Government attempts to attract US tech firms to the UK with marketing campaign

HQ-UK is being led by the Prime Minister's Digital Advisor and former Facebook vice president, Baroness Shields

Dominic Lipinski/PA Wire A person using a laptop keyboard
A person using a laptop keyboard

A campaign is underway to attract US technology companies to setup their international headquarters in the UK.

Baroness Shields, the former Anglo-American vice president of Facebook and Digital Advisor to the Prime Minister, has launched HQ-UK – a campaign that will market the UK as a top location for technology companies.

On the back of the recent Tech Nation report, which catalogues the regional strengths of the UK’s digital technology industry, the HQ-UK campaign will market the “red carpet” service provided by the British Government to incoming US tech companies.

The campaign will highlight services such as speedy visa applications, priority border passage at UK airports, accelerated access to UK bank accounts and support for incorporating companies.

Baroness Shields said: “Today, on behalf of Her Majesty’s Government, I am pleased to launch HQ-UK – a new initiative which demonstrates exactly why tech companies should choose the UK as their international HQ and operational base when they expand from the US.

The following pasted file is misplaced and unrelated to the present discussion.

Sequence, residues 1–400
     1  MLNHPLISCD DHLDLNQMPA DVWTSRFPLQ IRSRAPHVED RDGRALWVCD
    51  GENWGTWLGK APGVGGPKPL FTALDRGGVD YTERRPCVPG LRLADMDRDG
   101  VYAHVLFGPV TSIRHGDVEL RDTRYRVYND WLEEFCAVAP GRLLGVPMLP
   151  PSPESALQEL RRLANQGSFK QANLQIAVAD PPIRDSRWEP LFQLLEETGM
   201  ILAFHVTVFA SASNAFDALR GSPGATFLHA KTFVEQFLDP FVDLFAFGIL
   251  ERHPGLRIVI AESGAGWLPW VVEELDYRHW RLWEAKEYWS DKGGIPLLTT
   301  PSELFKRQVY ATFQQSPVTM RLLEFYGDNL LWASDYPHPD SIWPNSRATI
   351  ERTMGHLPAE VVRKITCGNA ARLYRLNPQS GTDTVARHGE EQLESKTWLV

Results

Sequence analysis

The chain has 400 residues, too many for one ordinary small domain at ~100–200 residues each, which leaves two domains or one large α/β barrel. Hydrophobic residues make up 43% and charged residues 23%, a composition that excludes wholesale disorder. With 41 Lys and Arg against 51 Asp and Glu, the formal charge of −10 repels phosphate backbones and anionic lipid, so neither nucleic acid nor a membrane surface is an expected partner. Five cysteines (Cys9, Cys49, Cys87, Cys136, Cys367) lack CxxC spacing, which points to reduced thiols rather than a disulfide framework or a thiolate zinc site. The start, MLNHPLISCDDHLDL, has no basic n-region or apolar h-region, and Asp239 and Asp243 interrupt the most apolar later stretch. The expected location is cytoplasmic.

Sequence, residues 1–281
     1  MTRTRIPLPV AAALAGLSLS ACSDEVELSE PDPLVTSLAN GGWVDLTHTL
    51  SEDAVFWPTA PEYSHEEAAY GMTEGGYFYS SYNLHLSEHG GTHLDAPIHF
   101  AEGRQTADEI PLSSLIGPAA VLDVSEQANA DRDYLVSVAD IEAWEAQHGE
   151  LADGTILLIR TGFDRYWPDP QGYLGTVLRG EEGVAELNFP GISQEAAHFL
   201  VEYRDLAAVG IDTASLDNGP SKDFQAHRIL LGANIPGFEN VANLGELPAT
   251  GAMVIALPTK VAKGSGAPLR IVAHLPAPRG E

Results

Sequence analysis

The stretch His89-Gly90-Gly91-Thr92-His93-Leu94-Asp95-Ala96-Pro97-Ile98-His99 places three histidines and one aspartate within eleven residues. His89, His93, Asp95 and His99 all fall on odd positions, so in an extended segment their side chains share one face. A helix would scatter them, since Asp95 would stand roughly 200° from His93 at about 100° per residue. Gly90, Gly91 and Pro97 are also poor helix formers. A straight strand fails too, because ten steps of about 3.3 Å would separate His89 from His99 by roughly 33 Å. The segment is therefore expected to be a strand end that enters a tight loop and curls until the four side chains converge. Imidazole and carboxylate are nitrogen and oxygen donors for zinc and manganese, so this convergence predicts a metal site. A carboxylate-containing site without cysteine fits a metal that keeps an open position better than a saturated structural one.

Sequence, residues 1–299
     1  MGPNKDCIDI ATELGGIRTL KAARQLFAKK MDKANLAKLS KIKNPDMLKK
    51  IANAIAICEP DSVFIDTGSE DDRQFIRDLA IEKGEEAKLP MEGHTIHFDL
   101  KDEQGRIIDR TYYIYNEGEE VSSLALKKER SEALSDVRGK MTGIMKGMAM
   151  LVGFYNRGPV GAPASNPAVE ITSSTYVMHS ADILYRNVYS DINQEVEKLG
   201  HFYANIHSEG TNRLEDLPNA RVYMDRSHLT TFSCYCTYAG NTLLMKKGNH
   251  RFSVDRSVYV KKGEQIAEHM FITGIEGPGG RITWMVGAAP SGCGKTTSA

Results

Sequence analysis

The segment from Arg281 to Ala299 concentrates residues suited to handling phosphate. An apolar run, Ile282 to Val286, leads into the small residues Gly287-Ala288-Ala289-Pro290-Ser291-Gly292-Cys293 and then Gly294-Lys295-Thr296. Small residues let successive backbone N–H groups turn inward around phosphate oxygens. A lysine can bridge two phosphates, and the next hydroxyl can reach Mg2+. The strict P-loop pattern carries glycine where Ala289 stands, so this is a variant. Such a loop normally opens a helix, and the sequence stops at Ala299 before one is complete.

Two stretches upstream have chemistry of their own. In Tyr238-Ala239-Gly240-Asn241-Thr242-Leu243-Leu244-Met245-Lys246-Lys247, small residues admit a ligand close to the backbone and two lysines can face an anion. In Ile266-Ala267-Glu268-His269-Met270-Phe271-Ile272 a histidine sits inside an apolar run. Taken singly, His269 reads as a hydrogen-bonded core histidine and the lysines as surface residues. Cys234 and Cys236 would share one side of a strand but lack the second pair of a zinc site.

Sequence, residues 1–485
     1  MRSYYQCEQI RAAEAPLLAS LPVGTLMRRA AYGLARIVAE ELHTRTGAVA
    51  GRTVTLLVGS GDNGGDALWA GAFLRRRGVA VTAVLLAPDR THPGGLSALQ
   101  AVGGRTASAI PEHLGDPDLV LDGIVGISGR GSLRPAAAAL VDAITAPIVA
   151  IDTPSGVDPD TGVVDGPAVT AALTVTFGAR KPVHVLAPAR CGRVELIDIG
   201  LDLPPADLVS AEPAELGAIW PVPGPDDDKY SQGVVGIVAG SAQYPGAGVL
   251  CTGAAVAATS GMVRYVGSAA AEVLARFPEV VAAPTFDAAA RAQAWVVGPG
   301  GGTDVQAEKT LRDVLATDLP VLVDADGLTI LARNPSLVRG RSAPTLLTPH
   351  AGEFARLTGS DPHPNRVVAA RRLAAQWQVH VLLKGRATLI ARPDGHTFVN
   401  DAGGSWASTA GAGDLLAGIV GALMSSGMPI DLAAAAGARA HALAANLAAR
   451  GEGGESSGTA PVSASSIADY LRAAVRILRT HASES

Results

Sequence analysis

“Nowhere beats the UK as an international hub for tech companies who are looking to thrive, innovate and grow. As someone who has spent 25 years operating on both sides of the Atlantic, I have no hesitation in saying that the UK is now the best place to build a global business.”

HQ-UK will highlight the UK’s tech-savvy workforce and higher education prowess, as well as the country’s efforts to build digital skills through the introduction of coding to the school curriculum and schemes such as Tech City UK’s Digital Business Academy.

The initiative will also market the UK’s tax regime – which includes the lowest corporation tax rate in the G7 and features such as the Patent Box vehicle, which provides 10% tax rate for income arising from UK or EU patents.

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